Browsing Tag

santa marta

Taganga & Rodadero

Before I went back to Bogotá there were two nearby places I did not want to leave without checking out: Taganga and Rodadero. What I find fascinating about them is how they sort of represent polar opposites; while Taganga is usually compared to a hippie haven, Rodadero is tailor made for the resort types. They’re both very popular and also part of the reason Santa Marta sees so many visitors, with a considerable amount choosing to stay there instead of the city proper.

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Three Months in Santa Marta

When my short stay in Palomino came to an end it was time to return to Santa Marta. I’d been away for a couple of weeks and felt ready to get back to work. One thing I didn’t realise was that January is peak season in Colombia, proper peak season – like August in Southern Europe. To say I was surprised by how busy I found Santa Marta is an understatement. So much so I had to spend a week in a different hostel because República was full. Madness!

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Only in Colombia…

Here’s something you might find mildly interesting: I don’t think there is a single country I have visited where I haven’t heard a local mutter a variation of “…only in this country!” It happens all the time. Really. Truth is every country has its share of problems, some more than others, but the uniqueness of the complaints is often… well, not that unique!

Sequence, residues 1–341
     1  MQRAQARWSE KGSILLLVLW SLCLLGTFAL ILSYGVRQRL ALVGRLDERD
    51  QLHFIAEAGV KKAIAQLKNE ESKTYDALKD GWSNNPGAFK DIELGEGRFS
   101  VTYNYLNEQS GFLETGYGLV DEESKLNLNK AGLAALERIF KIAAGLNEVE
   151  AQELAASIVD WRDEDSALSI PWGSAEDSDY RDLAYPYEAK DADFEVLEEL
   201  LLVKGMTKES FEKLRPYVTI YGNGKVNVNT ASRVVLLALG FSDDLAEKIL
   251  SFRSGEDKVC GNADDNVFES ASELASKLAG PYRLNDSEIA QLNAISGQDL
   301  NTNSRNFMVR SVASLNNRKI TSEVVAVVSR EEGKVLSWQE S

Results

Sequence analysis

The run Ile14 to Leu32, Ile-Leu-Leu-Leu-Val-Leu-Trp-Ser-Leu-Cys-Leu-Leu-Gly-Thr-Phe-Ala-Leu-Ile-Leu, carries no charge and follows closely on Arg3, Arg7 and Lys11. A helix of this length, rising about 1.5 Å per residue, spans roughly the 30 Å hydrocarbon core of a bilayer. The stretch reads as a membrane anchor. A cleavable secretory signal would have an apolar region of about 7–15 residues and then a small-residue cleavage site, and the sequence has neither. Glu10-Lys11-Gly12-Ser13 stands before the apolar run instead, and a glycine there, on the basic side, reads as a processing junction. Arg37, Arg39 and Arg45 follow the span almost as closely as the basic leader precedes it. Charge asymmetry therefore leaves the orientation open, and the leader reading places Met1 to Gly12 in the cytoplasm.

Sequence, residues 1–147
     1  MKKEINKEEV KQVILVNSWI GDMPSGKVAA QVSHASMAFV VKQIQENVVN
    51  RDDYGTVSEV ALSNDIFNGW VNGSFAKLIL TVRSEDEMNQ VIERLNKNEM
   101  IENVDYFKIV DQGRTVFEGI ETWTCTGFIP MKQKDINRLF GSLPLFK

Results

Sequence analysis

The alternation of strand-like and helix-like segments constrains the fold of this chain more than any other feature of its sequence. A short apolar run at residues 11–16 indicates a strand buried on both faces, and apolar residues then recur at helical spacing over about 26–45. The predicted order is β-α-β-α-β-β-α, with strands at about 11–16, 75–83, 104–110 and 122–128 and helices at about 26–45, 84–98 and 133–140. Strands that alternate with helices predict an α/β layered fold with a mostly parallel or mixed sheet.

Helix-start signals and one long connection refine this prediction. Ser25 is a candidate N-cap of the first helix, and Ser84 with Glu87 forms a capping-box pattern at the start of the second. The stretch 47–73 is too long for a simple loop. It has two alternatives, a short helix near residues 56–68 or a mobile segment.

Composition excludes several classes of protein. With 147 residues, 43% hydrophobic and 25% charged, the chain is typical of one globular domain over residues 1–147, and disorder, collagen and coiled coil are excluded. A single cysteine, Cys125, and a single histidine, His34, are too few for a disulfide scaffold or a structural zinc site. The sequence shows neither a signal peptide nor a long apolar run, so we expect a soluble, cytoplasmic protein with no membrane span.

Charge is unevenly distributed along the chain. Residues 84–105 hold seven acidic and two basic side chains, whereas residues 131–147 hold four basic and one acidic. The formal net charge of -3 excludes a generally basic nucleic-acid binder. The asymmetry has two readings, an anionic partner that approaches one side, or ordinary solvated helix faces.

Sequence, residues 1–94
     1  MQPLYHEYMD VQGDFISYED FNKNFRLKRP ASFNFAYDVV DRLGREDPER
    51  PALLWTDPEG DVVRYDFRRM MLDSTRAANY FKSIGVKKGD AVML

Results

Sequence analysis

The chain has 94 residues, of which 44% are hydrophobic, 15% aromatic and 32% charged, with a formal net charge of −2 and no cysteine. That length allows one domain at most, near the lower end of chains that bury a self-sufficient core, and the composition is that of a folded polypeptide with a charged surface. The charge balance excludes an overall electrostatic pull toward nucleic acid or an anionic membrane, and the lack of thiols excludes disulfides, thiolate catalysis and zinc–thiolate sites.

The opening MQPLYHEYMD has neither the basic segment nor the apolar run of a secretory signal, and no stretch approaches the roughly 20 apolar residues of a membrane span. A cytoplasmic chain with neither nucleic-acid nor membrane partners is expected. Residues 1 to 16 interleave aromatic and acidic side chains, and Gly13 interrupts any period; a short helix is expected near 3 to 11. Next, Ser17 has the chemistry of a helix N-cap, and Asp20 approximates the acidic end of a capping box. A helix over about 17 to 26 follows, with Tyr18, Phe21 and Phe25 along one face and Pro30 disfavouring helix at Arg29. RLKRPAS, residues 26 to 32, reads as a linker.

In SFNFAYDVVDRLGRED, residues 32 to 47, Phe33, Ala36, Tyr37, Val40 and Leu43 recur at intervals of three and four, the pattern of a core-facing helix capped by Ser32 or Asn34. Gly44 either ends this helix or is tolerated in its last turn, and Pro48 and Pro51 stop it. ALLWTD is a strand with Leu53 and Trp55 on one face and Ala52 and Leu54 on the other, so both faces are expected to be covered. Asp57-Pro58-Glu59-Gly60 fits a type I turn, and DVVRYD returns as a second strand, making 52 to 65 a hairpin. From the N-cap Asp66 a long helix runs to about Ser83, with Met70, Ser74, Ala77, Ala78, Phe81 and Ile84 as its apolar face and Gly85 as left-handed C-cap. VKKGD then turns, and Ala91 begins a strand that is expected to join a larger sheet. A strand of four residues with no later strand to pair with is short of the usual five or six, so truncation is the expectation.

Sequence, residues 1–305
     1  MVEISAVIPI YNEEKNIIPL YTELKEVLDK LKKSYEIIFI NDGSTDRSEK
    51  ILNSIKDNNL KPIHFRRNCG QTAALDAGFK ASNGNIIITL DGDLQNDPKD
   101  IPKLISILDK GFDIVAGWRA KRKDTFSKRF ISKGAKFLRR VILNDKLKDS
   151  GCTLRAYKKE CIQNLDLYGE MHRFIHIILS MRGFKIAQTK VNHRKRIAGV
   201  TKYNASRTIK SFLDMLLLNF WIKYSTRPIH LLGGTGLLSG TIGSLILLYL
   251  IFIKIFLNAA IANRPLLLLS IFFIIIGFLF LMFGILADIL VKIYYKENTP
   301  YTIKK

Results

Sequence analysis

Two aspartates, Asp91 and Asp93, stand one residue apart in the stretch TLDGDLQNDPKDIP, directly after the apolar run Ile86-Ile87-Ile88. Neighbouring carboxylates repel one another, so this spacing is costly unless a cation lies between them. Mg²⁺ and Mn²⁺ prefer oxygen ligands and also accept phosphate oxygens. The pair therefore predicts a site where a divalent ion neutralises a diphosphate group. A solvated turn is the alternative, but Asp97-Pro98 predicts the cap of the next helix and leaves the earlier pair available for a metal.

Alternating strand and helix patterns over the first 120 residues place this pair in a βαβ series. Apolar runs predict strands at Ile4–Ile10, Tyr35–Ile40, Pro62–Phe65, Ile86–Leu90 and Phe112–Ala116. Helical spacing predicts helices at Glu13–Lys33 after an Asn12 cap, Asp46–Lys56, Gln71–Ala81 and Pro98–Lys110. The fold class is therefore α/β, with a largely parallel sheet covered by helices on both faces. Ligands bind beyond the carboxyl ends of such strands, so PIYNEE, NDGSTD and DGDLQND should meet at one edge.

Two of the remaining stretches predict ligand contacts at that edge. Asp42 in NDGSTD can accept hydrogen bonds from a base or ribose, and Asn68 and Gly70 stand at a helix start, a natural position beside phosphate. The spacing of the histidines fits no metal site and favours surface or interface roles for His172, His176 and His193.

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Living That Hostel Life

Despite the rocky start, I quickly settled into a nice routine in Santa Marta. I strongly believe that you should never judge a place based on the first night you spend there, especially when things don’t go according to plan. It happens more often than you’d probably imagine and these days I flat out refuse to make rushed decisions until I’ve had a chance to sleep on them. Needless to say, more often than not, things do majorly improve the next day and Santa Marta was no exception.

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Why Santa Marta?

When it came to picking a place to settle down for a few months to get some work done I had some ideas in mind. However, there was one important requirement: it had to be warm. Even though winters in Portugal are mild by European standards, the atrocious lack of insulation makes them a lot tougher to bear. Especially, in my case, after living in London for over a decade used to the toasty warmth of central heating all through the cold season! 

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